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Home | Film Review: The City of the Dead (1960)

Film Review: The City of the Dead (1960)

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A young female student interested in witches decides to immerse herself in the very town wherein the Salem Witch Trials took place and gets a first-hand account of what witchcraft truly entails…  


In 1990 I visited a favorite independent bookstore in a town adjacent to mine that was on its last legs.  In a small section they had some VHS tapes for sale and one of them was for a film called Horror Hotel, a thriller that I was not familiar with.  It was released by Screen Gems and duplicated in the dreaded LP (4-hour) speed which resulted in tracking problems which often detracted from one’s enjoyment of the film.  Horror Hotel appeared to have been transferred from a high contrast 16mm print which aided in giving the film a highly spooky quality, but also made the film look very low-budget and difficult to see the action on the screen.  In 1993, I ordered a higher quality, SP-recorded (2-hour) VHS tape from Sinister Cinema and the print, presumably 16mm, was in much better condition.  Still, I wanted the film to look as good as it could, and wasn’t even sure if the original negative survived.  Fortunately, it has and under the original title of The City of the Dead, the film has never looked better.  VCI Entertainment did a wonderful restoration of the film for the 2001 DVD release.  Now, the company has just unleashed the film on Blu-ray, porting over the original extras and adding an additional commentary track.


In the town of Whitewood, MA (fictional) in 1692, a woman named Elizabeth Selwyn (Patricia Jessel) is accused of colluding with the devil and is sentenced to death by being burned at the steak.  She cries out her complete allegiance to him as a dark cloud comes over the townspeople who have gathered for the immolation, and curses her while pledging revenge.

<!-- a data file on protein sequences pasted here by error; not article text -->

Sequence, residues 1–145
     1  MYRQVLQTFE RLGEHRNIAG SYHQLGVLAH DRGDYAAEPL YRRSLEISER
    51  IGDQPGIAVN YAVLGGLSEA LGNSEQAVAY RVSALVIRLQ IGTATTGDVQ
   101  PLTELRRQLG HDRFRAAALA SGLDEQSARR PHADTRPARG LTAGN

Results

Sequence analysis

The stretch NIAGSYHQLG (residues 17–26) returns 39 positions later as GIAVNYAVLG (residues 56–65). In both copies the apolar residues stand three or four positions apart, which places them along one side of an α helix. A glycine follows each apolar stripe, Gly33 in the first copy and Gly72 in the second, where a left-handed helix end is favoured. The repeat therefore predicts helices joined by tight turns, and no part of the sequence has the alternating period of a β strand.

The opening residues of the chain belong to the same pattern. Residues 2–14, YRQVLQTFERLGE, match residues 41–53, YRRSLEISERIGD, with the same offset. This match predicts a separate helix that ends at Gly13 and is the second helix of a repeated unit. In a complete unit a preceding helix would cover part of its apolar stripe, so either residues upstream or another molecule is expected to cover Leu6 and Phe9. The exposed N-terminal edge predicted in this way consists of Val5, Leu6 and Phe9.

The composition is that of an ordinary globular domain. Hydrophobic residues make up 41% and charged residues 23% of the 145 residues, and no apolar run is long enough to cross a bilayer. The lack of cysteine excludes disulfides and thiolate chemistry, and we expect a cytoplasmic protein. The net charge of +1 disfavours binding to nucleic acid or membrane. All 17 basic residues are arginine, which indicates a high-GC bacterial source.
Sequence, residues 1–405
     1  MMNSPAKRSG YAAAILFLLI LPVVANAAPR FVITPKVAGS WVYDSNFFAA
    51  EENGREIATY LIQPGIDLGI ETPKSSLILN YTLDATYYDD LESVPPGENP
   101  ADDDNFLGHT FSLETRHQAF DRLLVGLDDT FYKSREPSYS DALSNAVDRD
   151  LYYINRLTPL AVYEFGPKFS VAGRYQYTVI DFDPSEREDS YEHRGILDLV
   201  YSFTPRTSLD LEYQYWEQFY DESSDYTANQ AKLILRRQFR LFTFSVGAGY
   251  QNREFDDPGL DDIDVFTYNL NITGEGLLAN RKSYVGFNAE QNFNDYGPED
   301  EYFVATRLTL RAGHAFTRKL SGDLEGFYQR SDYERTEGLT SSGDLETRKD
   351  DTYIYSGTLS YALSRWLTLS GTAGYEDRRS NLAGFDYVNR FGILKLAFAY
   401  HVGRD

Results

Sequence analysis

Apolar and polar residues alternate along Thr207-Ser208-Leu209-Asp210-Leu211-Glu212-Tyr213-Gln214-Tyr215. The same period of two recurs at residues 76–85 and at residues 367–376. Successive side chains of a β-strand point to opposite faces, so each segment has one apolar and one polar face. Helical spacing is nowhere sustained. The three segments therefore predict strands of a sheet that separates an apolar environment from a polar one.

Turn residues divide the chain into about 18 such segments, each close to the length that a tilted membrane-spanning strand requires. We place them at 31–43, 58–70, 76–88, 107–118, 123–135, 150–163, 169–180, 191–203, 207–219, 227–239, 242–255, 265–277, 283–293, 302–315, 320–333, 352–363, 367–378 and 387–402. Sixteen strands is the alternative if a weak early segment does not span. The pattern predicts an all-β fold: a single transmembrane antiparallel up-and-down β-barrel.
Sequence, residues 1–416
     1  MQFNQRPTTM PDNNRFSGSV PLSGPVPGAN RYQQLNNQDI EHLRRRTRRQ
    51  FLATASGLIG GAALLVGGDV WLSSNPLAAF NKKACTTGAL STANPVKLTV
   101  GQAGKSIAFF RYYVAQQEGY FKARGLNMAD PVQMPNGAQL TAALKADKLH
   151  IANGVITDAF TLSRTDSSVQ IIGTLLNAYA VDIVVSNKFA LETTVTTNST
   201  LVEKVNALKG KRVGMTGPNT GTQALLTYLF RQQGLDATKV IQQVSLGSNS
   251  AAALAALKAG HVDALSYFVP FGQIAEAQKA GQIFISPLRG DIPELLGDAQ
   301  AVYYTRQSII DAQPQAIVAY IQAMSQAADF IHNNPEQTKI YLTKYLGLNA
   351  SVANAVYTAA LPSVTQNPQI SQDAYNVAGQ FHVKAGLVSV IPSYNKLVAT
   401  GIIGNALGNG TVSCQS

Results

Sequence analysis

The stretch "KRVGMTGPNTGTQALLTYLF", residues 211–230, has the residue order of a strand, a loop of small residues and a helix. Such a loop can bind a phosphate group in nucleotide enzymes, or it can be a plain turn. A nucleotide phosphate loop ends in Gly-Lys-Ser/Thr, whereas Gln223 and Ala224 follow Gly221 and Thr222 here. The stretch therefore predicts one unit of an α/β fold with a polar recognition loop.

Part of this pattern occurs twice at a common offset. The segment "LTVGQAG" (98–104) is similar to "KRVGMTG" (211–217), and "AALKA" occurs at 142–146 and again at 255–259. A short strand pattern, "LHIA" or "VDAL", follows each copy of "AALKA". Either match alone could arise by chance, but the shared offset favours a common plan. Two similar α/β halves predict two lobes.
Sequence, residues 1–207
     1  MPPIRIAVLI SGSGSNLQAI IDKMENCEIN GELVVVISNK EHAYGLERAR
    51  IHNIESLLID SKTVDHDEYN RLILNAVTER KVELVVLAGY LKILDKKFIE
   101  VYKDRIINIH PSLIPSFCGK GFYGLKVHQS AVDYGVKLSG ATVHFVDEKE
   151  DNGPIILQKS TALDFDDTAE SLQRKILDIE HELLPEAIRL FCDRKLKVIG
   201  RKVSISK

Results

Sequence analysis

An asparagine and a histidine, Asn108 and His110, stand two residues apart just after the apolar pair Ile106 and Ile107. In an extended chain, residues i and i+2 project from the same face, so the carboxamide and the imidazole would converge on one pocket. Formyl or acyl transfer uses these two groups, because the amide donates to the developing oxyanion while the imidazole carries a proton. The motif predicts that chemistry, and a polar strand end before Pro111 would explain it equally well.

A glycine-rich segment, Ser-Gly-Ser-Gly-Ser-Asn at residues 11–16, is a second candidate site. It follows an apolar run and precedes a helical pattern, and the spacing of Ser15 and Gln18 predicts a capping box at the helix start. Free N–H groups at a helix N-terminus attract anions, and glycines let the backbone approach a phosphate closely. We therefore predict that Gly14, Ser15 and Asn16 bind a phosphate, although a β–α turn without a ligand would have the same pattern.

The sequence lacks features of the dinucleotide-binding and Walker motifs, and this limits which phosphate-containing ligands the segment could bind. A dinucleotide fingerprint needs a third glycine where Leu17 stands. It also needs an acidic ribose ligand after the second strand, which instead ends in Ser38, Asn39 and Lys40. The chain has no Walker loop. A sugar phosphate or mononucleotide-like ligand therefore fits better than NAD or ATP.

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In present day 1960, Nan Barlow (a familiar last name to those of you ‘Salem’s Lot fans), played by Venetia Stevenson, is the inquisitive student of Alan Driscoll (Christopher Lee), a professor of witchcraft who takes his studies and teachings very seriously.  Nan’s brother Richard (Dennis Lois) and boyfriend Bill (Tom Naylor) both scoff at her serious take on the subject, and they attract the disdain of her professor.  With her professor’s blessing, Nan decides to go to Whitewood and study the Salem witch trials right where the action actually took place.  Along the way, she picks up a hitchhiker, a man dressed in black (Valentine Dyall).  Not a smart move, especially considering that he vanishes into thin after minutes after accepting a ride!


She checks into the Raven Inn and trades pleasantries with Mrs. Newless, the inn’s proprietress.  Things do not appear to be what they seem, and Nan is just a little too blasé and naïve for her own good.  Her boyfriend gets suspicious after not hearing from her and brother, who initially shrugs off her “disappearance” as time devoted to studying and investigating, becomes concerned and takes action.  They come to find that Nan is in over her head, and that they shouldn’t have shrugged off her studies as superstitious mumbo-jumbo.  If they only knew…


From a narrative standpoint The City of the Dead appears to be a definite influence on Dario Argento’s Suspiria (1977), the story of a young woman who unwittingly finds herself in the midst of a coven of witches, although Mr. Argento attributes Narciso Ibáñez Serrador’s The House That Screamed (1969) as the real inspiration (let’s not forget Thomas DeQuincey’s 1845 book Suspiria de Profundis).  Suspiria’s Susy Banyon didn’t go looking for witches the way that City’s Nan Barlow does, but Susy at least avoids Nan’s fate.

I visited Salem, MA in October 1998 to have a look at the locations where the Salem witch trials took place, so I can identify with Nan’s curiosity – to an extent.  It’s too bad that Nan didn’t get to see The Witch (2015), a film that probably brings us as close to Salem life as we know it.

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Shot entirely on soundstages at England’s Shepperton Studios where many other classics, including Who Slew Auntie Roo? (1971), were shot, the film possesses (no pun intended of course) an air of creepiness.


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